jupyter kernelgateway --KernelGatewayApp.api='kernel_gateway.notebook_http' --KernelGatewayApp.seed_uri='./SimpleAPI.ipynb'

to start the server.

And as if by magic, an API appears:

The original blogpost also describes a simple docker container for running the API. Which makes me thing: this is so easy… And using something like LaunchBot, it’d be easy enough to have a simple manager for local API servers running on a personal desktop?

Here’s the complete notebook.

Making a Simple Database to Act as a Lookup for the ONS Register of Geographic Codes

Via a GSS (Government Statistical Service) blog post yesterday – Why Do We Need Another Register? – announcing the Statistical Geography Register, which contains “the codes for each type of statistical geography within the UK”, I came across mention of the ONS Register of Gepgraphic Codes.

This register, maintained by the Office of National Statistics, is released as a zip file containing an Excel spreadsheet. Separate worksheets in the spreadsheet list codes for various geographies in England and Wales (but not Scotland; that data is available elsewhere).

To make a rather more reproducible component for accessing the data, I hacked together a simple notebook to pull the data out of the spreadsheet and pop it into a simple SQLite3 database as a set of separate tables, one per sheet.

One thing we need to do to reconcile items in the metadata sheet and the sheetnames by joining a couple of the columns together with a subscript:

xl['RGC']["codeAbbrv"] = xl['RGC']["Entity code"].map(str) + '_' + xl['RGC']["Entity abbreviation"].map(str)

The bulk of the script is quite simple (see the full notebook here):

import sqlite3
con = sqlite3.connect("onsgeocodes.sqlite")


bigcodes.to_sql(con=con, name='codelist', index=False, if_exists='replace')

sheets= list(xl.keys())
for sheet in sheets[2:]:
  xl[sheet].to_sql(con=con, name=sheet, index=False, if_exists='replace')
  #Reorder the columns
  xl[sheet][['sheet']+cols].to_sql(con=con, name='codelist', index=False, if_exists='append')

You may also notice that it creates a “big” table (codelist) that contains all the codes – which means we can look up the provenance of a particular code:

SELECT sheet, GEOGCD, GEOGNM, GEOGNMW, codelist.STATUS, "Entity name"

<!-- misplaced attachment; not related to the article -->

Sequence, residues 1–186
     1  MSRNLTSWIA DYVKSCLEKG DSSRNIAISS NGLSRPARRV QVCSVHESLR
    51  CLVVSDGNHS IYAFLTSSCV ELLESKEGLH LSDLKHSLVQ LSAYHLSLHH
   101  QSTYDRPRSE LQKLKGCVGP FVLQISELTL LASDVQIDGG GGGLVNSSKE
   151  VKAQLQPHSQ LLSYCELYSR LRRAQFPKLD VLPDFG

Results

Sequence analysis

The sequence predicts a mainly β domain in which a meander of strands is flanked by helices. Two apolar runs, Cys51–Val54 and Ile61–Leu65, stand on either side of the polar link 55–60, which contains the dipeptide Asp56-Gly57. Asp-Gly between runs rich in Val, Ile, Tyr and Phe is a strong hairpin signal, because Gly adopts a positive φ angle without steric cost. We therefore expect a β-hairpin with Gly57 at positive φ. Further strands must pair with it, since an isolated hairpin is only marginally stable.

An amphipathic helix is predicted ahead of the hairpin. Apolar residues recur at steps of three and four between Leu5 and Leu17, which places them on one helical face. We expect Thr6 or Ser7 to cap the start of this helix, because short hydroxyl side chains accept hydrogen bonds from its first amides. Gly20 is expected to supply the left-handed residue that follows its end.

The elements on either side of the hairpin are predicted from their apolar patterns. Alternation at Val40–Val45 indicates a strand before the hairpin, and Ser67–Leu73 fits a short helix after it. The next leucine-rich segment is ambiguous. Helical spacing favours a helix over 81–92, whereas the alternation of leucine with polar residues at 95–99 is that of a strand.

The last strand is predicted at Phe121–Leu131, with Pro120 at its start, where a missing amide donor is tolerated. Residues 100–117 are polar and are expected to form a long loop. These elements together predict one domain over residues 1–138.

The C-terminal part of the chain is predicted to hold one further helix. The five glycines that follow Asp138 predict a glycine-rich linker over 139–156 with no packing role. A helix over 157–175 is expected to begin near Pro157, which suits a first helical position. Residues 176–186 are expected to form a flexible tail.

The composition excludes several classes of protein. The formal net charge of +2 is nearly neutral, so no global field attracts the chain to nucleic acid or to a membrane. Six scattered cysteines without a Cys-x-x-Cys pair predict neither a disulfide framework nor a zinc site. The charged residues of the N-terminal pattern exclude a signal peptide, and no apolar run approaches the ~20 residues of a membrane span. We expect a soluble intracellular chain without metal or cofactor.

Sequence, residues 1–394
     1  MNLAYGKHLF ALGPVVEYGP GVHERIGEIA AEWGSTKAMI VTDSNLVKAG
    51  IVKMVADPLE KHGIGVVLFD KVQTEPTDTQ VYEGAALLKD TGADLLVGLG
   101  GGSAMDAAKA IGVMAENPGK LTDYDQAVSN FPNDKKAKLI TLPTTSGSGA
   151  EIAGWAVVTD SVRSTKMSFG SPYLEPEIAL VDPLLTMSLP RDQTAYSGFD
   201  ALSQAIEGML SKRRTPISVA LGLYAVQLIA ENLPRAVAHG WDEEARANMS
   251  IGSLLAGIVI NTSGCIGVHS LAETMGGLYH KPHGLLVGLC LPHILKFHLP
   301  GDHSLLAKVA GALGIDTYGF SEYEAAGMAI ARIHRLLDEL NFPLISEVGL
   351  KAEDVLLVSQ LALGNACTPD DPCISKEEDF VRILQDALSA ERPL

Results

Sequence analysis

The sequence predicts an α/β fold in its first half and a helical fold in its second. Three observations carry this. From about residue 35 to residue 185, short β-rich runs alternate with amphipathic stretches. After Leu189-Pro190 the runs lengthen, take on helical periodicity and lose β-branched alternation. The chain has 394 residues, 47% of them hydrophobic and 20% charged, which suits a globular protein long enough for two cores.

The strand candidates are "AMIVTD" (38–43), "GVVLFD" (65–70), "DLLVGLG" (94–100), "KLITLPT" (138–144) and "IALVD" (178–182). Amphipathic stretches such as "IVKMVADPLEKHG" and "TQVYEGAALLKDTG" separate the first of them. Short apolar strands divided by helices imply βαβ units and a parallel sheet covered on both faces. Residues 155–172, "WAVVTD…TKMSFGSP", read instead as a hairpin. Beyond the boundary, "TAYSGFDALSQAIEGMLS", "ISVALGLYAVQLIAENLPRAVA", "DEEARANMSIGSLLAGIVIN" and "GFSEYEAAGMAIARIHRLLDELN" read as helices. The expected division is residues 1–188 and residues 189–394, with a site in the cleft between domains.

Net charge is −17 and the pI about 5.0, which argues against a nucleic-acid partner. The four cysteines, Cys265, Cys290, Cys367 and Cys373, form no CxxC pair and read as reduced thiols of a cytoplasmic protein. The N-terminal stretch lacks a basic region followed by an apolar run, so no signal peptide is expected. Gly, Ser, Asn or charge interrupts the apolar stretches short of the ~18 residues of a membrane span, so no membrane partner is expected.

FROM codelist JOIN metadata WHERE "GEOGCD"="{code}" AND codeAbbrv=sheet
pd.read_sql_query(q, con)
0 W40_CMLAD W40000004 Denbighshire Sir Ddinbych live Census Merged Local Authority Districts

We can also look to see what (current) geographies might be associated with a particular name:

SELECT DISTINCT "Entity name", sheet FROM codelist JOIN metadata
WHERE "GEOGNM" LIKE "%{name}%" AND codeAbbrv=sheet AND codelist.STATUS="live"
'''.format(name='Isle of Wight')
pd.read_sql_query(q, con)
Entity name sheet
0 Super Output Areas, Lower Layer E01_LSOA
1 Super Output Areas, Middle Layer E02_MSOA
2 Unitary Authorities E06_UA
3 Westminster Parliamentary Constituencies E14_WPC
4 Community Safety Partnerships E22_CSP
5 Registration Districts E28_REGD
6 Registration Sub-district E29_REGSD
7 Travel to Work Areas E30_TTWA
8 Fire and Rescue Authorities E31_FRA
9 Built-up Areas E34_BUA
10 Clinical Commissioning Groups E38_CCG
11 Census Merged Local Authority Districts E41_CMLAD
12 Local Resilience Forums E48_LRF
13 Sustainability and Transformation Partnerships E54_STP

What I’m wondering now is – can I crib from the way the ergast API is put together to create a simple API that takes a code, or a name, and returns geography register information related to it?

The same approach could also be applied to the registers I pull down from NHS Digital (here) – which makes me think I should generate a big codelist table for those codes too…

PS this in part reminds me of a conversation years ago with Richard et al from @cottagelabs who were mooting, at the time, a service that would take an arbitrary code and try to pattern match the coding scheme it was part of and then look it up in that coding scheme.

PPS hmm, also thinks: maybe names associated with coding schemes could be added to a simple document tagger.